Obstetric Care Navigation: A New Model for LMICs

by Anita Chary, MD PhD


“Son muy enojados.” They’re very angry. It’s a phrase I’ve heard time and time again interviewing indigenous Guatemalan women about their experiences of maternal health care in government clinics and hospitals.

It’s meant different things to different women. For Leticia, whose first language is Kaqchikel Mayan, “they’re very angry” referred to the hospital staff who threw away her traditional indigenous hand-woven clothing and scolded her in Spanish for crying out in pain during labor. For Mariel, it was about the hospital security guards who denied her entry when she began to experience vaginal bleeding during her second pregnancy; she ultimately miscarried at home. For twenty-nine year-old Telma, the phrase referred to the medical team that badgered her to get her tubes tied as she was rushed to an emergent C-section, and, despite her refusal, performed the tubal ligation after delivering her baby.

Reducing maternal mortality has been a public health priority in Guatemala for many decades. The indigenous Mayan population, which faces a maternal mortality rate two to three times higher than the general population, has been the focus of many initiatives to promote safe motherhood. Indeed, much has been written about the structural barriers Mayan women face to prenatal care and hospital delivery as well as the cultural norms that promote home birth and discourage referrals. Against a backdrop of severe resource limitations–an underfunded public system with constant stockouts, which requires patients to buy gloves and antibiotics and round up family members to donate blood before a surgery–poor outcomes are all but guaranteed. Stories of obstetric violence and disrespect and abuse in maternity care, such as Leticia’s, Mariel’s, and Telma’s, circulate, discouraging women from prenatal services and high-risk obstetric care.

But there is a new story to be told.

The NGO I work with in Guatemala, Wuqu’ Kawoq | Maya Health Alliance, has been pioneering a new model to bridge many of the gaps to safe motherhood: obstetric care navigation.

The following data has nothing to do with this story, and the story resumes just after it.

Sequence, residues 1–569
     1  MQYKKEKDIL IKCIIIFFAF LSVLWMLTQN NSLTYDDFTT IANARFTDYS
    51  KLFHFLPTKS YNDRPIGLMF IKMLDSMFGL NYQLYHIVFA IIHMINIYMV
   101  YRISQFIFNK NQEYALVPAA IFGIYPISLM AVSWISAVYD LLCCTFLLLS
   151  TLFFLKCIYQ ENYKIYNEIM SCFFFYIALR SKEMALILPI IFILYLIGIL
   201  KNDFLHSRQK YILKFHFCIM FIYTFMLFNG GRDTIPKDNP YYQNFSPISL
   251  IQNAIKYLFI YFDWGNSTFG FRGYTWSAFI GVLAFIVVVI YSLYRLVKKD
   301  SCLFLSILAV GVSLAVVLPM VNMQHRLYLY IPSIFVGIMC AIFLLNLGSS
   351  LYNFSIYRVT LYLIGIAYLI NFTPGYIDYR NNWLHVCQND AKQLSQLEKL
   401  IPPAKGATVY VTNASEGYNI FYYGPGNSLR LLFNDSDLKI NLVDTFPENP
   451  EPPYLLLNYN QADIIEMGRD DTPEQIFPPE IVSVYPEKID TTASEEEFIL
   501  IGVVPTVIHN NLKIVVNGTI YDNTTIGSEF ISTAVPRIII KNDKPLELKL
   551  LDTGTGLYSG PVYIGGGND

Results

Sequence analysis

Care navigation is a health care delivery strategy that employs trained patient navigators or advocates to support patients through a fragmented care continuum. To date, the concept has largely been used in cancer care in high-income settings.

In 2010, our organization began a Complex Care Program to support poor rural Maya people through referrals to urban specialty hospitals for cancer and chronic disease care in Guatemala. Recognizing the barriers that indigenous people face in navigating hospital bureaucracy and discrimination, we trained care navigators who accompany patients to hospital appointments, interface with hospital staff to coordinate the logistics of patient care, interpret for patients and providers between Mayan languages and Spanish, and act as advocates to ensure that patients advance through the diagnostic and treatment continuum.

We have recently expanded this work into emergency obstetric referrals. My colleagues Kirsten Austad, Boris Martinez and Michel Juarez, a team of global health physician-researchers, are leading this effort in the western highlands of Guatemala with support from Grand Challenges Canada. Wuqu’ Kawoq works with a network of community-based lay midwives to identify women with high-risk pregnancies and has trained care navigators to support these women through referrals to government health facilities for continued care and delivery. Care navigators provide emotional and moral support for pregnant women, improve communication with biomedical providers, advocate for patients’ rights, and facilitate out-of-hospital purchases of medications and supplies that otherwise typically delay emergency obstetric care. At the same time, Wuqu’ Kawoq works closely with government hospital leadership and administration to ensure the success of the program.

For more information, check out our recently published article.